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Conscience and the Sources of Moral Authority in Late Medieval Europe

18 nov 2022 14:00 - 21 apr 2023 17:00
Sorbonne Université, Esc E, 1er etage, Salle D052
except for the last seminar : IEA de Paris, 17 quai d'Anjou, 75004 Paris

Seminar series organized by Emily Corran, historian, UCL, 2022-2023 Paris IAS Fellow, and Christophe Grellard, EPHE-PSL

This series of five seminars over the course of the year will invite a number of UK-based academics to speak on this theme, with responses from Paris and France-based medievalists. This is part of a larger collaboration of UK and French researchers into conscience in the late middle ages.

Seminars will be held at Sorbonne University (except for the last one at IEA de Paris) and remotely
Free upon registration: emily.corran@ucl.ac.uk or christophe.grellard@ephe.psl.eu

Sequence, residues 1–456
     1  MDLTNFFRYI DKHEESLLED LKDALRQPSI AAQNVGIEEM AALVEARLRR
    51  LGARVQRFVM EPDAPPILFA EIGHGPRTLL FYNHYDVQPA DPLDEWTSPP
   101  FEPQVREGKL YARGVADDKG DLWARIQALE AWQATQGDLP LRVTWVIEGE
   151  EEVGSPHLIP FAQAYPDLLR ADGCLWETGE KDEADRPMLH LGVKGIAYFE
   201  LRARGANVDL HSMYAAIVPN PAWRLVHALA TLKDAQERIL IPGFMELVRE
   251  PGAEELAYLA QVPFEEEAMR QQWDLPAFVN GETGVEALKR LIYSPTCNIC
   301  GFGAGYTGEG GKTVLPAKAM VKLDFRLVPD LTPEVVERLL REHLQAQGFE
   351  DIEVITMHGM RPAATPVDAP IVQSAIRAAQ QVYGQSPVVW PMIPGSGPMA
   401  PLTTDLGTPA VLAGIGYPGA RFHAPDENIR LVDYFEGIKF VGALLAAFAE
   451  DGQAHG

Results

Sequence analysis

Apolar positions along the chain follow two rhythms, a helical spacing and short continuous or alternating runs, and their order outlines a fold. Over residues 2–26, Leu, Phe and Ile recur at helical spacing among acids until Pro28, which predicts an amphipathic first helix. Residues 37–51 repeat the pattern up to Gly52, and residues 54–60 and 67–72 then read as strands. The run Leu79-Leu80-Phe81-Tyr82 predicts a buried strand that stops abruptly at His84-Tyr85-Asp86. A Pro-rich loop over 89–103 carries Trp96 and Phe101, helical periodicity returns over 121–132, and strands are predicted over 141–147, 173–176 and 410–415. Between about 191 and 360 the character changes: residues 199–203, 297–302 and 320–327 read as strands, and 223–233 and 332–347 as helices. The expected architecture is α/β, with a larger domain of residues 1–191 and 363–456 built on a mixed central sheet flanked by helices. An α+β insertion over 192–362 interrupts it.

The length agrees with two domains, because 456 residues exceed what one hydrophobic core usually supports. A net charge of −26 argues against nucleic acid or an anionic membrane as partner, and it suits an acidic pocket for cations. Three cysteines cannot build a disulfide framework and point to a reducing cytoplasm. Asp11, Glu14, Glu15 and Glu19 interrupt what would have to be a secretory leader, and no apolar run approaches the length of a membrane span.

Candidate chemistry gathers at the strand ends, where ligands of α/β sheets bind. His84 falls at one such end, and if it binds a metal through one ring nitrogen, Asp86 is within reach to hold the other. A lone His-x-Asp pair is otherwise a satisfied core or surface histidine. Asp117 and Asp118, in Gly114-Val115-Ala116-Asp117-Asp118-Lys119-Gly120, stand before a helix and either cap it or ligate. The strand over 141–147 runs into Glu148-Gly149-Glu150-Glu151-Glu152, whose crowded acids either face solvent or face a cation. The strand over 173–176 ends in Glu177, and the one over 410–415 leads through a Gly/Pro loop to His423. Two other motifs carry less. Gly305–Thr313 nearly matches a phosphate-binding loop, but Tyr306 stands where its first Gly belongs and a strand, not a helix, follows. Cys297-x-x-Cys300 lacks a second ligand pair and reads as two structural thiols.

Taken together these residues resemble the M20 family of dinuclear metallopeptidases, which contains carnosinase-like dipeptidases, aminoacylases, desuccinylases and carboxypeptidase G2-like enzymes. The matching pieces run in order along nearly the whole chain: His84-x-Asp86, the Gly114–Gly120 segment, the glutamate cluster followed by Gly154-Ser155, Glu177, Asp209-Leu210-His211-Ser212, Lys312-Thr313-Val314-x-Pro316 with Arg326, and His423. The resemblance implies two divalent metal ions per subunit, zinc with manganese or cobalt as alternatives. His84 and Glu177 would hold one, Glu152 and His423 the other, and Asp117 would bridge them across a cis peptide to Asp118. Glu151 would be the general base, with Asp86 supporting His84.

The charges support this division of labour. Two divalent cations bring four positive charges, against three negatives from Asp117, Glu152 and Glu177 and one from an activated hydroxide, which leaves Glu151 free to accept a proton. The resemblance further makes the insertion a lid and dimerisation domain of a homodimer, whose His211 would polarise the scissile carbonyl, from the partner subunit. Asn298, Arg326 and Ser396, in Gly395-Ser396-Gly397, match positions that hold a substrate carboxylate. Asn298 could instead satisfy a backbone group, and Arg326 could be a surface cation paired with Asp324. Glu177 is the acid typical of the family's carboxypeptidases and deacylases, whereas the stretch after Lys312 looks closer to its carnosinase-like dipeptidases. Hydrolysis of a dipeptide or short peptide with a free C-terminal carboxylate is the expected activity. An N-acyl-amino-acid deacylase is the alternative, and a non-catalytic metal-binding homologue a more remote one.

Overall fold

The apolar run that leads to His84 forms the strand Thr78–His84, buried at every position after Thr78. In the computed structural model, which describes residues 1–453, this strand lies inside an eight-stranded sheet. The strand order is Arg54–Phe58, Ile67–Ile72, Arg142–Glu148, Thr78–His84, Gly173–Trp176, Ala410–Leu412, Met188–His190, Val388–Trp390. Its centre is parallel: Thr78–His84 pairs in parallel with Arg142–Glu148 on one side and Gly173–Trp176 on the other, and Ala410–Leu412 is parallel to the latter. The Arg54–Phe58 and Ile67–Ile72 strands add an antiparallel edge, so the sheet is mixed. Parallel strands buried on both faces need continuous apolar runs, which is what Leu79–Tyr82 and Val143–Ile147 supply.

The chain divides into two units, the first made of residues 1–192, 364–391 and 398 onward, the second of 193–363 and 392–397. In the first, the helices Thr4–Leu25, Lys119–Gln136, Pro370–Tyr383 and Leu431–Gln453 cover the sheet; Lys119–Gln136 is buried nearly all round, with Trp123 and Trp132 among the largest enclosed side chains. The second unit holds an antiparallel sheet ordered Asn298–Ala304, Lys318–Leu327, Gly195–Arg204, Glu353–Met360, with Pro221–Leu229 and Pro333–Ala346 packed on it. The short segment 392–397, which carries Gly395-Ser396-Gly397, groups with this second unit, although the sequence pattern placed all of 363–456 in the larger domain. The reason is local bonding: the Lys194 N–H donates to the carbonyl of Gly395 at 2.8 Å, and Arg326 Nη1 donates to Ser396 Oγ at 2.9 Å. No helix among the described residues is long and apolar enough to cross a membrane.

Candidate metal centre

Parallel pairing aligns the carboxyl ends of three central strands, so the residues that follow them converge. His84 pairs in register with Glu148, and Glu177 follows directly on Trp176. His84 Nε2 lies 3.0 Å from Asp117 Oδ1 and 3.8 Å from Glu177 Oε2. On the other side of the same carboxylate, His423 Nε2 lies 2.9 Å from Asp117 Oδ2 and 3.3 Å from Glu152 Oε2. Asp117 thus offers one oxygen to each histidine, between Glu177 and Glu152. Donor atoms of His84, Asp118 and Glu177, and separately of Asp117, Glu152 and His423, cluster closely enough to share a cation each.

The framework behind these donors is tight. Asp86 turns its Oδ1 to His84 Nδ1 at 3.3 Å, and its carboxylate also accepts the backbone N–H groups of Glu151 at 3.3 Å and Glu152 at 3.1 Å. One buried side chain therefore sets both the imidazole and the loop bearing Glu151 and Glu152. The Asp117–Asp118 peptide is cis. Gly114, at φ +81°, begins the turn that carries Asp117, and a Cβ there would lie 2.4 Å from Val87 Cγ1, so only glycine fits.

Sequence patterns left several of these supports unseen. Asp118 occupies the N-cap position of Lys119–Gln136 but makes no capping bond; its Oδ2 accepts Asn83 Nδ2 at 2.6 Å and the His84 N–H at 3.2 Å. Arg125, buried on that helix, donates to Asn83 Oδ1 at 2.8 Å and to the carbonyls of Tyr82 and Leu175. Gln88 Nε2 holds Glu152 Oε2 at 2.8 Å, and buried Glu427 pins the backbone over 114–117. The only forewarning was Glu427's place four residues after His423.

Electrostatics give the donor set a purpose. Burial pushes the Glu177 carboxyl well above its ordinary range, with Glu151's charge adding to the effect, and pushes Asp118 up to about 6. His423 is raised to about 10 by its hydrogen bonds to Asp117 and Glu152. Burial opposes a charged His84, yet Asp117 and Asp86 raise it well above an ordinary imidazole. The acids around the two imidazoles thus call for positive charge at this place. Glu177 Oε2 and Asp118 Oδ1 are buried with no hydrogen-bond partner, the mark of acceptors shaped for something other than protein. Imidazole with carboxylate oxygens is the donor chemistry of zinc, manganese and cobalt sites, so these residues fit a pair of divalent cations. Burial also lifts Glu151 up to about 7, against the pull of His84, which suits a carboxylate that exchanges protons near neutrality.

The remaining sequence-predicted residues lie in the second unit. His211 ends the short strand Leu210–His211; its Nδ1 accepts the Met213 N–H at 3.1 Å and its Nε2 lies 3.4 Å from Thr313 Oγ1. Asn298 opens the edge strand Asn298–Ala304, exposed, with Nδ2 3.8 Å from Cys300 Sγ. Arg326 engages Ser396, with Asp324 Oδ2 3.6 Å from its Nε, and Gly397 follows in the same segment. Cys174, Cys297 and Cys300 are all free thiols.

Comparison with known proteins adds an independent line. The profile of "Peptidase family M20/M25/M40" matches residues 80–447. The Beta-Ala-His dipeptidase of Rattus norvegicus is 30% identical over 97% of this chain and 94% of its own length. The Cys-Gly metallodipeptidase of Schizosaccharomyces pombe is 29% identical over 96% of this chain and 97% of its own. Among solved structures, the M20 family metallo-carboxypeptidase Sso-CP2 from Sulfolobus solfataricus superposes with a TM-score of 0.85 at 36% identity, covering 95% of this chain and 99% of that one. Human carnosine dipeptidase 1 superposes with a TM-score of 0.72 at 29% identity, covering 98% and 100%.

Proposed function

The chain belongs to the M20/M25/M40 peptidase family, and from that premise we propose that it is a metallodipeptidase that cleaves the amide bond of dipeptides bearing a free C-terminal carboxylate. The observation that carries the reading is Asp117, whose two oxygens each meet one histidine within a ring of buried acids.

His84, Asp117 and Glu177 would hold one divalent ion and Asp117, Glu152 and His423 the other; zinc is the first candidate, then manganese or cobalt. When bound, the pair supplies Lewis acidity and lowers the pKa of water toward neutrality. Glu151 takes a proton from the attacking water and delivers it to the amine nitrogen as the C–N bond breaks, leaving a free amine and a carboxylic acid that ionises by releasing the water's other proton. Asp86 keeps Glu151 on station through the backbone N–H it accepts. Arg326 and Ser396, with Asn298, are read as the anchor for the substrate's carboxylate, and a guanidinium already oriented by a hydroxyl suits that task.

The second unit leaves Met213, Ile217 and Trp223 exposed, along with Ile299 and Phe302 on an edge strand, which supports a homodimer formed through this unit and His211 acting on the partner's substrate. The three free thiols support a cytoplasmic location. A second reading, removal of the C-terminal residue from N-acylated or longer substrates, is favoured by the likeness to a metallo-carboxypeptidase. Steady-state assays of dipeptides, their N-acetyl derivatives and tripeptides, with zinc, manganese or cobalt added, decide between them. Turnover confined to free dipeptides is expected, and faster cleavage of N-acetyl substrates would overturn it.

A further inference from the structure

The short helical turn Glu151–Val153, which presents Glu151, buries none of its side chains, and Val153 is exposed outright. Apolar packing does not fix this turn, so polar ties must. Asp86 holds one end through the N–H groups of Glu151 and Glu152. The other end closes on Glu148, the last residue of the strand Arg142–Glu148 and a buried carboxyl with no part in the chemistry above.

Christian Europe in the late Middle Ages was a time of challenge for the established church’s moral leadership. The Catholic Church had, from the thirteenth century, claimed moral jurisdiction over all sins in this world. Recent scholarship on the late medieval church has investigated the range of institutions that were developed in the late medieval church, which were intended to investigate, punish and absolve the Christian community for its sins, including Beaulande-Barraud (2019) and Hill (forthcoming in 2022) on excommunication, Fossier (2018) on the Apostolic Penitentiary and Corran (2018 and 2021) on confessors’ manuals and casuistry. As the ecclesiastical hierarchy took a progressively more interventionist approach to moral regulation, challenges and conflicts of jurisdiction arose in greater number: the barriers between external law and questions of conscience were broken down (Chiffoleau 2006), the number of open moral questions multiplied and a wider range of churchmen (and on occasion, secular authorities) claimed the expertise to resolve them (Marmursztejn 2016, Théry-Astruc 2011). In addition, the church’s authority was challenged from a number of new directions: heresies such as Lollards and Hussites disputed priestly jurisdiction over personal conscience; the Great Schism, which saw the election of two (and for a while three) rival popes, allowed critics of the church to cast further doubt on the authority of ecclesiastical office. This was therefore a period in which discussions about moral authority, the definition of conscience, and the validity of non-expert moral intuition fermented. Grellard (2020) has shown that a concept of invincible ignorance and erroneous conscience meant that tolerance had a place in late medieval theology. Jean Gerson, a popular preacher as well as theologian, developed a method for navigating theological doubt via a theory of probabilism. At the same time, Lollards and Hussites using novel definitions, redirected orthodox canon law and theology against the church to justify their claim for conscience as a wholly internal and instinctive knowledge.